The IIHS Wants Lower Speed Limits Because EVs Are So Darn Heavy

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EV weight is a huge risk to road safety, especially for persons not traveling in the EV.

In a column published by the Insurance Institute for Highway Safety (IIHS), the agency's vice president Raul Arbelaez has stated that the hefty weight of an EV poses an increased safety risk for road users and a potential solution to avoid severe carnage is to lower speed limits.

The VP notes that when the IIHS started testing electric vehicles in 2011, the question on everyone's minds was whether those huge battery packs posed a fire risk. But now, weight has become a more pertinent concern than fire (although extinguishing EV flames remains a challenge). Late last year, the IIHS showed its concern over the weight of electric vehicles like the 9,500-pound GMC Hummer EV and had to retest all its equipment to be sure that the GM product and other electric behemoths may be evaluated.

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After 55 EV crashes, the IIHS has had zero related fires, and this risk is a lot lower than many think. It's also true that heavy vehicles are far less likely to tip over and roll, and having a heavy car means that you are less likely to be injured in a crash. But when that crash involves another road user, those other individuals face a greater risk than they would otherwise.

"When two vehicles collide, the heavier vehicle pushes the lighter one backward, resulting in higher forces on the people in the lighter vehicle and lower forces on people in the heavier vehicles," notes Arbelaez. It doesn't take an experimental physicist to wonder how much worse a heavy vehicle could be for a pedestrian or cyclist.

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Arbelaez adds that the IIHS conducted two tests in 2018 that proved increased weight and size can severely impact the outcome of a crash. In those tests, vehicles that had performed well in individual testing both performed horrendously when crashed into larger vehicles.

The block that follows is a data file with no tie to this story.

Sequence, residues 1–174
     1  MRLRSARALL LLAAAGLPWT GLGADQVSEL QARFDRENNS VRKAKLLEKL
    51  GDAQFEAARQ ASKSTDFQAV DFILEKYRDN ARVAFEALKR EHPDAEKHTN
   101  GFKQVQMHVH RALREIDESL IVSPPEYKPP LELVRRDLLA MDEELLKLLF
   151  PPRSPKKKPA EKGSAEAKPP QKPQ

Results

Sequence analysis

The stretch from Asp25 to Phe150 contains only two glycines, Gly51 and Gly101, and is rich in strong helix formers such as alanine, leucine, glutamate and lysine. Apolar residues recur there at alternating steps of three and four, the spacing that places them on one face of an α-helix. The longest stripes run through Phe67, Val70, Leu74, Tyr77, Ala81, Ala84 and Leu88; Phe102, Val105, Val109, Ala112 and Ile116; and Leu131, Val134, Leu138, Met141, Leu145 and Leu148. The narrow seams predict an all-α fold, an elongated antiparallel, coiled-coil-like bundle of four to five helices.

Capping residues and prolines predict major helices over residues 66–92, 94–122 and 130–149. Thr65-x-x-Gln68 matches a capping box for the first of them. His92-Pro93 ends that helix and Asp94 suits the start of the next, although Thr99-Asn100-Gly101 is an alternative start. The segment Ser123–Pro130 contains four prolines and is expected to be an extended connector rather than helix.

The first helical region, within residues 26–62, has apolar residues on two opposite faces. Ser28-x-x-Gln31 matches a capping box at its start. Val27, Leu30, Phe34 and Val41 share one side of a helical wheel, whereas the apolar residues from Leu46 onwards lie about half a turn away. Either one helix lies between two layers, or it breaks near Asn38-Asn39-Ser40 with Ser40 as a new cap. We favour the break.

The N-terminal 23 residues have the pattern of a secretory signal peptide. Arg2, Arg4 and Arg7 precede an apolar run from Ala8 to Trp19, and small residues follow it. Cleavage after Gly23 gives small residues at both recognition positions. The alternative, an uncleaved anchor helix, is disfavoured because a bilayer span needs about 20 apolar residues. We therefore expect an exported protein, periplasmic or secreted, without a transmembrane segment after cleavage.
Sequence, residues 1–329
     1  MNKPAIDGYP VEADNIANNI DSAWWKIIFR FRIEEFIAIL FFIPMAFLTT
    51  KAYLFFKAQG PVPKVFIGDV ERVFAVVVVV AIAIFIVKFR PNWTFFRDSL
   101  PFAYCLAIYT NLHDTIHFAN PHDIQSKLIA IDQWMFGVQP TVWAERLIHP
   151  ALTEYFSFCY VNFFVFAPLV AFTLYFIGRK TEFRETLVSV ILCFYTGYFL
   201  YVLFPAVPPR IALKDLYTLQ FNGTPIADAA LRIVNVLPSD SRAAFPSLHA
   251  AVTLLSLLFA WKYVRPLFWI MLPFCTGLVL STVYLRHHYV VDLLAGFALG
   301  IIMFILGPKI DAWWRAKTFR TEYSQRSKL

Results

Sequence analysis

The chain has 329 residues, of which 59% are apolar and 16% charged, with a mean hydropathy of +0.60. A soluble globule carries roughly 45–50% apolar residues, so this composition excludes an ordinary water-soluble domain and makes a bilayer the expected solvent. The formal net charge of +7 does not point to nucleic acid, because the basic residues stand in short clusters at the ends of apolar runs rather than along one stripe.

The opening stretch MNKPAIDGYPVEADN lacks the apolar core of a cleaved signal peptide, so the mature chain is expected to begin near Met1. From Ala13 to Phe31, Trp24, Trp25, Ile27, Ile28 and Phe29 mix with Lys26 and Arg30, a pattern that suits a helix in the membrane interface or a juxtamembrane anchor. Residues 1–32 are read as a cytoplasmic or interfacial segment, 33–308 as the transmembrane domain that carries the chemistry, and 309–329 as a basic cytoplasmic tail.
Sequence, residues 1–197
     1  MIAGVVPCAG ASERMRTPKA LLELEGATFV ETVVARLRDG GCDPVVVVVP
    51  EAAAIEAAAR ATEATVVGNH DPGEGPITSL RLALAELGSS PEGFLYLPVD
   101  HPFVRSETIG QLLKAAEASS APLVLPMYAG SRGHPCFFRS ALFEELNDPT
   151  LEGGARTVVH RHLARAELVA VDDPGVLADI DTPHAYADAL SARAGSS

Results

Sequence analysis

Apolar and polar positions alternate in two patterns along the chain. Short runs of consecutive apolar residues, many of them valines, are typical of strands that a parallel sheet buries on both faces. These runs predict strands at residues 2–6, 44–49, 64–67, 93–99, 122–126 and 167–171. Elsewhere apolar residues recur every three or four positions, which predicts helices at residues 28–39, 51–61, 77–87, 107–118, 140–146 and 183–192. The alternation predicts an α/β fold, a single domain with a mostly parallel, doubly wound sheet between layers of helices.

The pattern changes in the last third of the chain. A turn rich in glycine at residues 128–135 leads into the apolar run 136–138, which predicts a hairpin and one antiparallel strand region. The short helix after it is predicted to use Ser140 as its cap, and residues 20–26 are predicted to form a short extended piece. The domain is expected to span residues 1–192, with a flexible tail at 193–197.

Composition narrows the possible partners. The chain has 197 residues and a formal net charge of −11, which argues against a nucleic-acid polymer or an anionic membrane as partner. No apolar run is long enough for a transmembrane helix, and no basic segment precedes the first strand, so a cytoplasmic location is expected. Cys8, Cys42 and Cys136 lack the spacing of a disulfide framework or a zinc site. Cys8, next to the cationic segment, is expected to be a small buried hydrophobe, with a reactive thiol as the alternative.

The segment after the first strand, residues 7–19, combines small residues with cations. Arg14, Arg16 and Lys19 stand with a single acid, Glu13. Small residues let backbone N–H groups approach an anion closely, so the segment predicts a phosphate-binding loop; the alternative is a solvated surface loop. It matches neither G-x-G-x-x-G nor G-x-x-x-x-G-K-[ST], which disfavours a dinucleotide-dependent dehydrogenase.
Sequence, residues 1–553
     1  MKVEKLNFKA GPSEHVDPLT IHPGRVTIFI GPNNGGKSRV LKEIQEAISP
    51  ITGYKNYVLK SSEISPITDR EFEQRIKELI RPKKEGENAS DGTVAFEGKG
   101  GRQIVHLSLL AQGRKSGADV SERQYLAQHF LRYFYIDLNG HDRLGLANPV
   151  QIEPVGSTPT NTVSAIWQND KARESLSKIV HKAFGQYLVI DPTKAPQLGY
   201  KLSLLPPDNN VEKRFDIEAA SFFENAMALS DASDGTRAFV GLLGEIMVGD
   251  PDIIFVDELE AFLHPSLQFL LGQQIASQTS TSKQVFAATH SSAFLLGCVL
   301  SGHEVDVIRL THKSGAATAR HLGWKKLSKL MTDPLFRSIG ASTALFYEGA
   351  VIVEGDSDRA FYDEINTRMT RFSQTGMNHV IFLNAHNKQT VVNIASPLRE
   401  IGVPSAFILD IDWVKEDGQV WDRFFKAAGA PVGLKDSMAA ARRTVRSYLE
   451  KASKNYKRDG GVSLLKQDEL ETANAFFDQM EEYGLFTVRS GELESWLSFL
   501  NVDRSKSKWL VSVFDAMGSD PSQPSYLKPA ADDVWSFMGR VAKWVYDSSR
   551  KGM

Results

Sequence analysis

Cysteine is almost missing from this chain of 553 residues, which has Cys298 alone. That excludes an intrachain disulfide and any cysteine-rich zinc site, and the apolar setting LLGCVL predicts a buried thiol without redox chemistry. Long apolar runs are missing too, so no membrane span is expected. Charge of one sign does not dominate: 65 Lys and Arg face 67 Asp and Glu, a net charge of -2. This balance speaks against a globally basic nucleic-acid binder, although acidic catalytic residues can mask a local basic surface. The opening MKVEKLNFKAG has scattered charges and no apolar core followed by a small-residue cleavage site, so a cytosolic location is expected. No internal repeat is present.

The VP says that the increased weight of EVs compared to regular vehicles would make little difference in accidents involving pedestrians or cyclists but points out that "large vehicles do represent a bigger threat to pedestrians and bicyclists, but that is due mostly to their height and shape, which affect both visibility and whether a person is knocked to the ground when struck." Then again, if extra EV weight leads to longer stopping distances, pedestrian and cyclist deaths could continue to rise even more than they already have been.

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Arbelaez also points out how rapidly these electric vehicles can accelerate. The GMC Hummer EV is capable of doing 60 mph in as little as three seconds flat when in top-tier specification, but even lesser models can pin you to your seat as they take off. To be clear, Arbelaez is not against electrification and admits that "there are good reasons for it," adding that the weight of EVs won't undo the gains in automotive safety made since the inception of the automobile, "but the development will require some new thinking about the kinds of vehicles we want on our roads."

The VP says that we don't need so much horsepower and range. Still, if people continue to embrace them, perhaps "heavier vehicles could be built with additional crush space in their front ends to compensate for the effect of their extra weight in a crash with another vehicle," thereby using crumple zones to protect those outside an EV rather than those in it. He is also hopeful that technology advances will give us lighter batteries.

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A wider charging network could also help consumers to choose cars with less range (and therefore smaller, lighter batteries). But in the meantime, Arbelaez says manufacturers should make high-performing pedestrian and bicyclist crash avoidance systems standard, along with excellent headlights. Finally, he proposes that "states and governments should consider lowering speed limits, factoring in the increased danger from weight disparities."

We agree that excessively heavy EVs pose a safety risk. We agree that something needs to be done. But, playing devil's advocate, lower speed limits may mean increased traffic, thereby increasing carbon emissions. Lower speed limits in certain areas could also encourage motorists to speed in others. If new speed limits are introduced, blame EVs for ruining what little enjoyment enthusiasts get out of their daily commute.

We hope that manufacturers and regulators focus on making future cars better suited for our roads rather than adapting roads to suit new cars that most Americans can't afford.

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